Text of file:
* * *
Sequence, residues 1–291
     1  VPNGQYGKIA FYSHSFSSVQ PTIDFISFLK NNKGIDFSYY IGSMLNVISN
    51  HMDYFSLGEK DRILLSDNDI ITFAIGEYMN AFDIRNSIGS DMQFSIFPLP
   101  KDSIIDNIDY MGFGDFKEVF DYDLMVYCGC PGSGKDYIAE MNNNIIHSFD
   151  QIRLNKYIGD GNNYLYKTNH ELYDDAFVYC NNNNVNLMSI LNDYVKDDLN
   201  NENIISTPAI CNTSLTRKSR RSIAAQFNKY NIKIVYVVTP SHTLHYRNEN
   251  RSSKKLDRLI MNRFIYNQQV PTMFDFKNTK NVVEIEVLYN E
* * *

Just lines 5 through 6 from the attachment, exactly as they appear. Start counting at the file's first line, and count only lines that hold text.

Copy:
   151  QIRLNKYIGD GNNYLYKTNH ELYDDAFVYC NNNNVNLMSI LNDYVKDDLN
   201  NENIISTPAI CNTSLTRKSR RSIAAQFNKY NIKIVYVVTP SHTLHYRNEN